I came across an interesting article on Reddit the other day. This person was asking why can we assume the stock market will increase over the long-term? Here is their question:
New to investing – why is it “safe” to assume the market will increase the next 40+ years? from r/personalfinance
What an enlightening thread. Below are my key takeaways:
- As people work and produce more valuable materials + services, the stock market value will go up.
- Advancements in technology + research will increase value.
- More workers and more money floating around will drive prices up.
- If the world generally stays peaceful and the population grows, markets should continue to grow.
- As life expectancy increases, more people will be looking to invest their money in long-term gains.
- Large American businesses are not 100% dependent on the US economy, and international expansion is growing.
- It probably is not safe to “assume” anything will happen for sure in the future. However, the stock market has a good chance of going up over the long-term. With that in mind, past returns do not guarantee future returns.
- Let’s say the stock market tanks, what other investment options do we have that also wouldn’t get affected? If you dump all of your money into a savings account, that amount will be worthless by the time you retire. In other words, by not investing, your future has a 100% chance of financially sucking ass.
- If we have a positive outlook on humanities ability to innovate, the economy should grow. Innovation grows exponentially (one innovation breeds other innovations).
- Computer technology advancements, space travel, energy efficiency, etc… put the future in a positive light with an infinite amount of possibilities.
- If you continue to invest in the good and the bad times, this should help towards your long-term gains (dollar cost averaging). It is a different story if you invest a large sum one time.
- When considering growing our investments, we are not only concerned with price appreciation, but with receiving dividends. As the user “OfficeOfUncollection” puts it in regards to dividends: “It causes the investment value to go up, if it’s reinvested and not spent on blow…”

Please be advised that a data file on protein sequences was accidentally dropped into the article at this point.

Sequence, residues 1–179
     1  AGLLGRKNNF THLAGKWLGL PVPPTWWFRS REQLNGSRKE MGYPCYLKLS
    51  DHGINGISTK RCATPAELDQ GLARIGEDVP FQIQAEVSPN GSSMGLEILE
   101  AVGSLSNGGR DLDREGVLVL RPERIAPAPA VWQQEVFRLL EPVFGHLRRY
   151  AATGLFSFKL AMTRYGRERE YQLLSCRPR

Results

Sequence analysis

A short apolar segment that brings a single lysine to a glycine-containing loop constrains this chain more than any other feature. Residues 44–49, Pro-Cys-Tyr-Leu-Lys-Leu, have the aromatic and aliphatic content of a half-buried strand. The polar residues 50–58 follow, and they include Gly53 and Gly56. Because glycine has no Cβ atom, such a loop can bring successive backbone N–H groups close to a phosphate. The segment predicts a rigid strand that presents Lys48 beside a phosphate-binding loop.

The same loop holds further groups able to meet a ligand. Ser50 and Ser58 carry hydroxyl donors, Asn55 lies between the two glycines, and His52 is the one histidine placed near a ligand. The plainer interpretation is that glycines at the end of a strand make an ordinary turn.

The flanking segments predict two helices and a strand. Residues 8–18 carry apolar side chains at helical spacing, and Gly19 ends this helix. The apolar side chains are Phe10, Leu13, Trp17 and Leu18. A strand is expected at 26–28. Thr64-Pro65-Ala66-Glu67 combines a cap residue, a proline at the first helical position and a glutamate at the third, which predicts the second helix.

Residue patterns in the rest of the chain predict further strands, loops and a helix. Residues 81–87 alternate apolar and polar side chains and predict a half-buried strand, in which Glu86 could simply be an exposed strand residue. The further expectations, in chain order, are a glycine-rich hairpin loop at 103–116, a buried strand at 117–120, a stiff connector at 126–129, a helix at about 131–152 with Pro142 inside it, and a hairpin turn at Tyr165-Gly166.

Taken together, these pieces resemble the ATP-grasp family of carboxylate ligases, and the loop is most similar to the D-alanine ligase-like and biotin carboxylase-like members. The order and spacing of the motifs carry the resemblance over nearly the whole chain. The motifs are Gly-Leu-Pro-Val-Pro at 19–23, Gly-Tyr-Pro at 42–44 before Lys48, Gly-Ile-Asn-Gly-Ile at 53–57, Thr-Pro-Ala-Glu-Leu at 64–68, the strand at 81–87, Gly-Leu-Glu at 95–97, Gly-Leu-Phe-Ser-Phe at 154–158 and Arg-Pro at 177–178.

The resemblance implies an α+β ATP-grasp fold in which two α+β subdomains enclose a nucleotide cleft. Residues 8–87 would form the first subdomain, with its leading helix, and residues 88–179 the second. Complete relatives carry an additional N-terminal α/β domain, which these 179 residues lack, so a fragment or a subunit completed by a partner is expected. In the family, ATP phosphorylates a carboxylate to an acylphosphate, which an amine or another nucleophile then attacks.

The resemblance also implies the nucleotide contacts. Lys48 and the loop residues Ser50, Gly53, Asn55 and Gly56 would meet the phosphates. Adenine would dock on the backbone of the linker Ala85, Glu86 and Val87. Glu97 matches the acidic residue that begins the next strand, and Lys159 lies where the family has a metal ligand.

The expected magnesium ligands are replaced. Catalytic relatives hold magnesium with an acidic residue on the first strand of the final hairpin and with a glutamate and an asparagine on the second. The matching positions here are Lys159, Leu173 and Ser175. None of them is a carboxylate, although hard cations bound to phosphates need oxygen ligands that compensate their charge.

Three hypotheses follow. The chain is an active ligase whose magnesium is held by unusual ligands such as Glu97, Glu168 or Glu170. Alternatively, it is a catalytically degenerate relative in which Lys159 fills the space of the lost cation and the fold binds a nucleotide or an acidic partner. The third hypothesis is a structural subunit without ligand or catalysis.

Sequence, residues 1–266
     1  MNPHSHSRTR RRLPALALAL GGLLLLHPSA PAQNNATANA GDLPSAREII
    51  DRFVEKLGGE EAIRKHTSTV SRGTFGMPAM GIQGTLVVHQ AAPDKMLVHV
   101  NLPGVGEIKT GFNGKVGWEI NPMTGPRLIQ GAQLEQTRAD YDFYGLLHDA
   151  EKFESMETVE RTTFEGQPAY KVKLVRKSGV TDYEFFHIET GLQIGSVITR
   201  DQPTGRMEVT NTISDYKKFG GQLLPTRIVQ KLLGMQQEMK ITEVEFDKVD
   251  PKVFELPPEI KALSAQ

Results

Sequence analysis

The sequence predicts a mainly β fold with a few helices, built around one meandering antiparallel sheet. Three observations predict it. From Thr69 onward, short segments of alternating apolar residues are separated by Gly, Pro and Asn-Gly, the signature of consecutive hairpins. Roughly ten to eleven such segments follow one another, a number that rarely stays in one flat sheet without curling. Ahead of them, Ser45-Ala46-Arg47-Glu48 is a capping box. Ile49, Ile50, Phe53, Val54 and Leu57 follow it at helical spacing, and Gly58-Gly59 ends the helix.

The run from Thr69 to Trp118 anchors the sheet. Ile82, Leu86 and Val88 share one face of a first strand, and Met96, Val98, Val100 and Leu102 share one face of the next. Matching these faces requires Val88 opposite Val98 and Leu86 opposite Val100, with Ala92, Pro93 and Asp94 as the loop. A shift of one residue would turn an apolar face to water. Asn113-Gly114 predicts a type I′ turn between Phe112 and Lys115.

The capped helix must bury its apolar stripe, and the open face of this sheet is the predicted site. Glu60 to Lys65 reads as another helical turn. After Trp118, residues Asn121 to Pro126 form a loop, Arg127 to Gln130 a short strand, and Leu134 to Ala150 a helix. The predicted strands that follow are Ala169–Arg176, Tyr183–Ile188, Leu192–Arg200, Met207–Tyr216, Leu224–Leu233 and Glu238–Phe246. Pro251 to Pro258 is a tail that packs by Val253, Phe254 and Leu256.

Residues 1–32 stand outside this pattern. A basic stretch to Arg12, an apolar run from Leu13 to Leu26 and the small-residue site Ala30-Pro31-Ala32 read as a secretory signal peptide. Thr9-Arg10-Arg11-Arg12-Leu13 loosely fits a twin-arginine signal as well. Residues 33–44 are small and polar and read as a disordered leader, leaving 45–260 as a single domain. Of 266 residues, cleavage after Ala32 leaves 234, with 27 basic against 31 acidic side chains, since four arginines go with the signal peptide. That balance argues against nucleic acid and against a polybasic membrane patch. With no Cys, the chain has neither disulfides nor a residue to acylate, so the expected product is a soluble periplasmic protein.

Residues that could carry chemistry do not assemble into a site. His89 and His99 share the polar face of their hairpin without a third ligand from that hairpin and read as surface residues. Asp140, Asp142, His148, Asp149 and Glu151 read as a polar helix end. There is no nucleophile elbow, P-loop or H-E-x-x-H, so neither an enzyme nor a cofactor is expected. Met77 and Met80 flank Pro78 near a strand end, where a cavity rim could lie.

- Corrections and downturns in the market will happen. But they are not expected over vast amounts of time.
- Diversification can act as a safety cushion under specific scenarios.
- If we are concerned about things not improving over the long haul, we are best to prepare by storing goods for the zombie apocalypse. Examples would include emergency food, shelter, medicine, manuals, guns, ammo, etc.
- Interesting fact: as the population gets more educated, the birth rate tends to go down. Whether this becomes an issue in the long-term future, who knows.
- It is possible that the rate of return for stocks decreases, while the return on bonds increases.
- Companies that are not profitable get replaced with companies that are. In other words, the market is self-correcting in a lot of ways over the long term.
- If we stifle immigration, we could end going down the same path of Japan. But even Japan had 5% returned through a stagnant market.
- Based on the records we have, the stock market has increased over long timeframes. So it would have to be quite an anomaly for that not to continue over the long term.
What a fascinating read. I hope you enjoyed this as much as I did. 🙂
Did you find this thread interesting? What are your outlooks over the long-term for the stock market?
Chris is a financial blogger who loves to be transparent about money-related issues. He’s paid off massive amounts of credit card debt and is the blog author of Money Stir. His main focus on Money Stir is talking about how money relates to our relationships, personal development, and how to plan for the future we want. He’s been quoted on Market Watch, The Ladders, and other publications.